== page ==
Sony Says "Sorry" About Glitch in PlayStation2

First Sony made the PlayStation 2, a $370 "gaming console." Then users discovered that it could play Digital Versatile Discs from all regions, a clear violation of DVD Forum engineering specifications intended to accommodate the entertainment industry's longstanding policy of releasing films on video at different times in different parts of the world—after they've run in commercial theaters. Shortly thereafter, users also found that they could make perfect videotape copies of DVDs via the RGB outputs on the machine, thereby circumventing Macrovision, the copy-prevention technique built into the DVD format. Seems the PlayStation 2 was a two-front nightmare for the film business.

Now Sony has admitted that there is little it can do to correct the situation. Sony Computer Entertainment Inc. announced Wednesday, March 29 that it can provide a "fix" for the 1.25 million machines that were sold with a software glitch that ignored region codes. The offer appears to be attracting few takers, however, and Sony is powerless to persuade PlayStation owners to bring them in. "Obviously, we'd like as many to come in as possible, but we'll have to see what the consumer reaction is," SCEI spokesman Benjamin Guernsey told Agence France Presse. "There's very little we can do. Basically, we can't go out and seek out the consumers."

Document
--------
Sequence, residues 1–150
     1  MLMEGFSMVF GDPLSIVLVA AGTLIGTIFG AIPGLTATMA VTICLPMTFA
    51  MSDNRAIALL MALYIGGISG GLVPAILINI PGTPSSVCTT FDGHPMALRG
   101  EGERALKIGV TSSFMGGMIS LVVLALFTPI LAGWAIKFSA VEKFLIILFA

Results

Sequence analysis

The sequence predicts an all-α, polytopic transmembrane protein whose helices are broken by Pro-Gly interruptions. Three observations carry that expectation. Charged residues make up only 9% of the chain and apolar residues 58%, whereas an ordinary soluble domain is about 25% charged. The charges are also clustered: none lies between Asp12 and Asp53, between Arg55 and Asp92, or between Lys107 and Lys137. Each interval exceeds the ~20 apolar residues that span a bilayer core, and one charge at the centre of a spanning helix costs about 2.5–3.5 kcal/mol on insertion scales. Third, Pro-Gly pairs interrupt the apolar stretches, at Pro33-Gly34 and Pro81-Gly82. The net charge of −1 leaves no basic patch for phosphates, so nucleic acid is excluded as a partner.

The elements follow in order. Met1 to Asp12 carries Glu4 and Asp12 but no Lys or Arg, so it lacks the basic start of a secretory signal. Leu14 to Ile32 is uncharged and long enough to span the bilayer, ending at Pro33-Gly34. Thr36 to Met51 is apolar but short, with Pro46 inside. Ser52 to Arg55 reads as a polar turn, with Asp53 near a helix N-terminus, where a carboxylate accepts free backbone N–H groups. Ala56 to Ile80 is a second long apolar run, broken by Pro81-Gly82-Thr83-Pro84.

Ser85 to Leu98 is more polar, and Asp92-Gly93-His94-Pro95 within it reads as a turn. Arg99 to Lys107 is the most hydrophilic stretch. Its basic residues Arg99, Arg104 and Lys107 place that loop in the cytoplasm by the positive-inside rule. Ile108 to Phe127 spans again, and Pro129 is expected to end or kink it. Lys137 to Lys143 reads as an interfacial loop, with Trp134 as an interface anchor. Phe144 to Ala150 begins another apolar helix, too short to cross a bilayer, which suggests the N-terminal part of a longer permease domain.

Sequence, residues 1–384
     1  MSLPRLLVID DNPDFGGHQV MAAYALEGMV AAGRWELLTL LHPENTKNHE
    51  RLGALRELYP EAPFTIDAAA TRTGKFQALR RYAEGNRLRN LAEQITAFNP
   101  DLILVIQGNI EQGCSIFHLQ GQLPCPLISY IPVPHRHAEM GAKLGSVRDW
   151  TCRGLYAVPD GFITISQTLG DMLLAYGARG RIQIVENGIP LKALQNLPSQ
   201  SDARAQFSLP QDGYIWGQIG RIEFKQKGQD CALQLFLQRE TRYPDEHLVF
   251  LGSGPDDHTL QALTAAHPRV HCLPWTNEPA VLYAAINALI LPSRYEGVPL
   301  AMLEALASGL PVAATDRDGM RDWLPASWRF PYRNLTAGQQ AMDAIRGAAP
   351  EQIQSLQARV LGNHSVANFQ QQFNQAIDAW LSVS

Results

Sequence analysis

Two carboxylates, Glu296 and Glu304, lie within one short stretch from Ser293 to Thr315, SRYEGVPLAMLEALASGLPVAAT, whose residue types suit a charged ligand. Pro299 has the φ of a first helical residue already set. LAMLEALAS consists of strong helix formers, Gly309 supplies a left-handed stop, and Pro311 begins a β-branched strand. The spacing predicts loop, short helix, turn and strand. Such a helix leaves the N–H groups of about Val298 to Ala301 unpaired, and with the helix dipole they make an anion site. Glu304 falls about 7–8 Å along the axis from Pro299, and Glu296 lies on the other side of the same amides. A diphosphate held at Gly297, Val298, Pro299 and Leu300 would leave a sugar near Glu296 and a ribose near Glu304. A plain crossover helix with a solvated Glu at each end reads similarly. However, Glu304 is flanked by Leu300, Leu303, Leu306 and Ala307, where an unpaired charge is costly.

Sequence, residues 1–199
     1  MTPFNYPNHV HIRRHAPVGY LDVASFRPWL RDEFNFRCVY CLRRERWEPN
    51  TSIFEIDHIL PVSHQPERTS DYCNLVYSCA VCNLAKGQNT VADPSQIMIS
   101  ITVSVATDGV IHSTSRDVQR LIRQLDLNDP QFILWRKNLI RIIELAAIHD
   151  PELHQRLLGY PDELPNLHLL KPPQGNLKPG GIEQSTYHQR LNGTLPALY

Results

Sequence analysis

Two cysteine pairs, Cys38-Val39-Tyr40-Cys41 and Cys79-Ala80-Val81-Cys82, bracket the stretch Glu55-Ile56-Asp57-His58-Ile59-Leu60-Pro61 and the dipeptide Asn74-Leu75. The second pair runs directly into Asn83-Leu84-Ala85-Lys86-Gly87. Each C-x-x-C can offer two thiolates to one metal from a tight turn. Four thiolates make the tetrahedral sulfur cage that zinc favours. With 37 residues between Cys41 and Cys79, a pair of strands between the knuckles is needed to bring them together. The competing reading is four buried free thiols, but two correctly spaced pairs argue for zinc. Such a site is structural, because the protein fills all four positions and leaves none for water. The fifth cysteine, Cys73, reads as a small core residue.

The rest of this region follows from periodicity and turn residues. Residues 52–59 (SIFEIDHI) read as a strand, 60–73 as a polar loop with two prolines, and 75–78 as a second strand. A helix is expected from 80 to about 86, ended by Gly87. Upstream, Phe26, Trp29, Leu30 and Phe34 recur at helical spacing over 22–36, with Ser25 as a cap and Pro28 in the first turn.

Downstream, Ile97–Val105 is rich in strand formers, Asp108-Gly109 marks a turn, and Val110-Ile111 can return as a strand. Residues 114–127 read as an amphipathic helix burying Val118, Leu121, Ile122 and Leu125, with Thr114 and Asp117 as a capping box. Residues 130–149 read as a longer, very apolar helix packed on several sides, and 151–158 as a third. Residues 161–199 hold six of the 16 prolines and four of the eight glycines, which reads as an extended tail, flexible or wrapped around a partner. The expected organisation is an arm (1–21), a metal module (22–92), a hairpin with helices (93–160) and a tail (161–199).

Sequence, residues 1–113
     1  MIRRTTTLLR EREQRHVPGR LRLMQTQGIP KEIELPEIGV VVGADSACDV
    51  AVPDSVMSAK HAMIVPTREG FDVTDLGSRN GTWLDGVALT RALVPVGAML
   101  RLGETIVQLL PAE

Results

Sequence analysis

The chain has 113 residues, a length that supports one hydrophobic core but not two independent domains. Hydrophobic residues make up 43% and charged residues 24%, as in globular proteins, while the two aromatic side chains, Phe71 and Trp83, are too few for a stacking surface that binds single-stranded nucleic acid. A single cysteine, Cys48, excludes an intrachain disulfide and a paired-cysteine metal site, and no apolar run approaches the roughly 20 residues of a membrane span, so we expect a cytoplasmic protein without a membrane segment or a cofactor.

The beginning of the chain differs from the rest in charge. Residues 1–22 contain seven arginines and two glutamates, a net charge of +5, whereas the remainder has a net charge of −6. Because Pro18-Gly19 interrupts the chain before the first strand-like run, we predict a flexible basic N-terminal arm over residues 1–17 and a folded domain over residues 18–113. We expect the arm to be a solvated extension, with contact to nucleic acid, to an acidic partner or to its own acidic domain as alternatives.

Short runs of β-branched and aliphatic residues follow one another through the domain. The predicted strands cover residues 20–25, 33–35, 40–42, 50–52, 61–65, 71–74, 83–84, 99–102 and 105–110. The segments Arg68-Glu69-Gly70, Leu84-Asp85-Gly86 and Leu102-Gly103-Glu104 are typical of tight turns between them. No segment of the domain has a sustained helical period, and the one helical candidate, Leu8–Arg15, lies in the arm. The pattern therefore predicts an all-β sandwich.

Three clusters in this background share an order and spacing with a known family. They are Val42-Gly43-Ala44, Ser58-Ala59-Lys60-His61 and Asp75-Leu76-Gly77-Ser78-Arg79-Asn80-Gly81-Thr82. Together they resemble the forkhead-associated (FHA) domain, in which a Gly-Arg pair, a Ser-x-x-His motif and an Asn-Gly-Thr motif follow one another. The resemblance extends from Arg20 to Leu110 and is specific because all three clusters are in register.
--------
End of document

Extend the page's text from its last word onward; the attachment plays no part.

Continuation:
The ¥39,800 ($370) PlayStation 2, advertised as the cheapest DVD player being sold in Japan, hit the market on March 4 and sold in the hundreds of thousands within the first few hours. The region-code problem was only the machine's second production error; the first was a bad batch of plug-in memory cards.

Guernsey said no one from the film industry has approached Sony for compensation about the region-code glitch. "At this point we've described the situation to them and . . . we've not received any demands for compensation. You never know what might happen in the future, but so far there's been no complaints," he said. Sony began shipping corrected versions of PlayStation 2 software on Monday, March 27. One lure for consumers is that the new utility discs promise "better audio quality."